Wildlife needs protecting, and everyone needs to do more to make sure this happens. From a photography point of view alot of ethics and welfare is lost now in wildlife photography and you clearly see this in the thousands of staged or set up images that are out there. Big competitions awarding Fox and Badgers images where the animal was fed and then blinded by flash or made to come to a certain area to “perform” for the photographer.

Owls and other birds of prey running towards the camera calling and showing signs of distress yet nobody even thinks to ask the photographer “How did you get a bird of prey on the ground running at you” in their rush to say well done and pump up their ego. I try to bring about a better way of working within this industry I find myself in. So many are using wildlife as a commodity to make money and some sort of living yet this is sending out a shocking message on welfare grounds and how we view,treat nature. .

The list is endless and what we are asking animals to do in return for images greatly saddens me and it almost feels like a ship that is out of control and sheering itself on its own journey now. Problem is say something or try and mention something and those taking images like this defend there own, and join forces to defend their lack of ethics and integrity to their work.

To everyone that takes photographs of wildlife please just think of your own impact on that subject your with before you take the images please and if you dont want to do anything else just do this for the welfare of that creature that has no voice and wont be able to speak and report your actions.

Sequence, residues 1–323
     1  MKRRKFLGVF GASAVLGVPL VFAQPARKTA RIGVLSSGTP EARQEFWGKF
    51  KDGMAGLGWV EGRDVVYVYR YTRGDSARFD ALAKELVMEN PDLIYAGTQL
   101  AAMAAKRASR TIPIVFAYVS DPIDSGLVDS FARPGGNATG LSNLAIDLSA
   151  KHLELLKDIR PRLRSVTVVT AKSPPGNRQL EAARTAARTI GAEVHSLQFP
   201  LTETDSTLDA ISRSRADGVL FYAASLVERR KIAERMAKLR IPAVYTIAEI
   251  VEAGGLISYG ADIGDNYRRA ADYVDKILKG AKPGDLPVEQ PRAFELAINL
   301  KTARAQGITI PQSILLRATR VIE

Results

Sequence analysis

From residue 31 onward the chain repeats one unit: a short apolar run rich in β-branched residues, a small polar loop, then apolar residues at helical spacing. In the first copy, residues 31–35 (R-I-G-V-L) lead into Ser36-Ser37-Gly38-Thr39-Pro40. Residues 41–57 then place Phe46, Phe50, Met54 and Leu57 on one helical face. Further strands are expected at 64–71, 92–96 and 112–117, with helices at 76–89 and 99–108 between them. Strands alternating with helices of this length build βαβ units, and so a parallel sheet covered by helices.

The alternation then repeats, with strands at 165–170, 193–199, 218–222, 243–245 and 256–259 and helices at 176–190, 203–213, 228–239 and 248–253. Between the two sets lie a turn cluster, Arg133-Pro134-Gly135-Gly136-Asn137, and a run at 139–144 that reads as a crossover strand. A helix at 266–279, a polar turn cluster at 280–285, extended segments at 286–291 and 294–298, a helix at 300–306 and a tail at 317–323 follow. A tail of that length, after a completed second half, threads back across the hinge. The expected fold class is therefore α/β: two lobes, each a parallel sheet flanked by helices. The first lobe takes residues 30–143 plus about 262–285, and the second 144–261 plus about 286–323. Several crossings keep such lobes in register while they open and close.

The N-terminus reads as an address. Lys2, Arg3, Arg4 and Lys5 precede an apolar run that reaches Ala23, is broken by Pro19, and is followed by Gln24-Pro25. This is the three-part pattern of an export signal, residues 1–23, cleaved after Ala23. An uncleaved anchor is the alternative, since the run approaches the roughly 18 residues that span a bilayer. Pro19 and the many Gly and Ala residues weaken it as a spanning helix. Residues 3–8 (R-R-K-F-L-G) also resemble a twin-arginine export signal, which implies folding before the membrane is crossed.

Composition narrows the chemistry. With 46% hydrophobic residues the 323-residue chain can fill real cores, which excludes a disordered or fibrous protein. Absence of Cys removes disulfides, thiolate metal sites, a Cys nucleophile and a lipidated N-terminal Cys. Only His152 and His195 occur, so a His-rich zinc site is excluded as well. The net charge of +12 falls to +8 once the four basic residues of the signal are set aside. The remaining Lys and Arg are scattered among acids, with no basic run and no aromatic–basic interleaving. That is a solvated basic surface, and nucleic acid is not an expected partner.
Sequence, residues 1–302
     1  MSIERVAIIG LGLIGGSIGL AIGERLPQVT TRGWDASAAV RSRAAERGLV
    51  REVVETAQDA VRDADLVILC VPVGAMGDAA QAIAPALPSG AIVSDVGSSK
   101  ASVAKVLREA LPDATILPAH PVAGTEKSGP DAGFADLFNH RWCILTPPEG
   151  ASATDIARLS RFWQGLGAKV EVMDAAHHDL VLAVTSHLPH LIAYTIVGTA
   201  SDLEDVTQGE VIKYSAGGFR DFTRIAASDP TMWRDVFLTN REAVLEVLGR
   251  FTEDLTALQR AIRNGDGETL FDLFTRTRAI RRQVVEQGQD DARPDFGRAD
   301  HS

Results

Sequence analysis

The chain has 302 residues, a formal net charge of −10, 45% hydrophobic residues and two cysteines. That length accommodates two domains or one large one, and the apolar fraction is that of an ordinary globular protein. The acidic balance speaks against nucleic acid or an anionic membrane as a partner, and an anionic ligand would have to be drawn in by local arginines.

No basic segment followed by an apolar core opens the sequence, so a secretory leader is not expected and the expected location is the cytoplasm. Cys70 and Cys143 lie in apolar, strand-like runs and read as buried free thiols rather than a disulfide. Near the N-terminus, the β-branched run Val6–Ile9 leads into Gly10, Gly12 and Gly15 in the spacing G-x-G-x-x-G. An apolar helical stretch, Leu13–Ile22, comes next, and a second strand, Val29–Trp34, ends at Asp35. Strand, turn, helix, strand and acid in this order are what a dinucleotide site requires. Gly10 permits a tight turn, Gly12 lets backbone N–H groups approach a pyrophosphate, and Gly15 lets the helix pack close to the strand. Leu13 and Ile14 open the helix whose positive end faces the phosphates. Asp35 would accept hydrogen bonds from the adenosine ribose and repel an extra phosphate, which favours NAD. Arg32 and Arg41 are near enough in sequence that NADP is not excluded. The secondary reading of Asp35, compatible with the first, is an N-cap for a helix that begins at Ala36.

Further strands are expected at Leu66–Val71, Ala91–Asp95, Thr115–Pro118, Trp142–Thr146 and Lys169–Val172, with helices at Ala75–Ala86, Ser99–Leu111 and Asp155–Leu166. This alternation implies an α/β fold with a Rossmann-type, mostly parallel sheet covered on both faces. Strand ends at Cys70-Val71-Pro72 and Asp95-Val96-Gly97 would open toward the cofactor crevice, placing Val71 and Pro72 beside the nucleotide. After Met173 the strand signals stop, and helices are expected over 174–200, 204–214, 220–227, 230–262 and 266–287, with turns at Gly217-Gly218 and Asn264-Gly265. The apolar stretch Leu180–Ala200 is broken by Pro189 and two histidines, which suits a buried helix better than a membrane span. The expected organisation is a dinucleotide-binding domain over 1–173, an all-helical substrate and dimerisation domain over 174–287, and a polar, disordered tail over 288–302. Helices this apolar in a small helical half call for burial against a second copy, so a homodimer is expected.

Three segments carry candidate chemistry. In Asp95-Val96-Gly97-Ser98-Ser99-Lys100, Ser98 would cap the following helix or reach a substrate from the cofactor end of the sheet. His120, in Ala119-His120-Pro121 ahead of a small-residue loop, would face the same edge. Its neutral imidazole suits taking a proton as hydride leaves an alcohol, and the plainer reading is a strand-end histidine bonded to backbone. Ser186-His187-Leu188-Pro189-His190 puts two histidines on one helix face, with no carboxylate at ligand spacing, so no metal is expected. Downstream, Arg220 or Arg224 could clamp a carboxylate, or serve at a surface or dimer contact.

The list is endless and what we are asking animals to do in return for images greatly saddens me and it almost feels like a ship that is out of control and sheering itself on its own journey now.

Lastly I just wanted to thank Charlie, Phil. Lawrie, Jon and all the others members of BAWC for what you do and putting on this event, thank you to everyone for coming. Never give in, always have hope and as Mark Avery said on day one ” We will win”.

Change is coming, people have had enough of the countryside devoid of wildlife in many places replaced with a false, mono-cultured landscape that benefits nobody apart from those that use it for their own greed.  Anyone that I spoke too or saw what I did and would like more information or help on my conservation side of my work then please get in touch with me here, many thanks.


4 comments
  1. Stewart Abbott said:


    Really enjoyed your talk Craig, you can hear passion in your voice and see it in your images. I didn’t get chance to say hello at the conference but will try next year, or maybe bump into you in the Peak District.
    Top job & keep doing what you’re doing

  2. Stuart Pike said:


    A fantastic emotional talk Craig, very enjoyable.
    Thank you for showcasing your wonderful photography and sharing your passion with us at the BAWC Wildlife Crime Conference.
    Great to chat afterwards 🙂
    Will look forward to seeing your future images and hope to chat with you again 🙂

  3. Wendé Anne Maunder said:


    If only I could have been there, Craig. However, this article is a very good second best, and I thank you for sharing it with us.

  4. Frances Lumber said:


    I just want to say thank you for sharing your wonderful images with us in Bristol this weekend. You spoke with such passion, particularly about the Peak District, which is an area that is very close to my heart. Your stunning images of this landscape meant I had to fight back the tears. Thanks again and keep up th fantastic work.

Leave a Reply

Mail (will not be published) (required)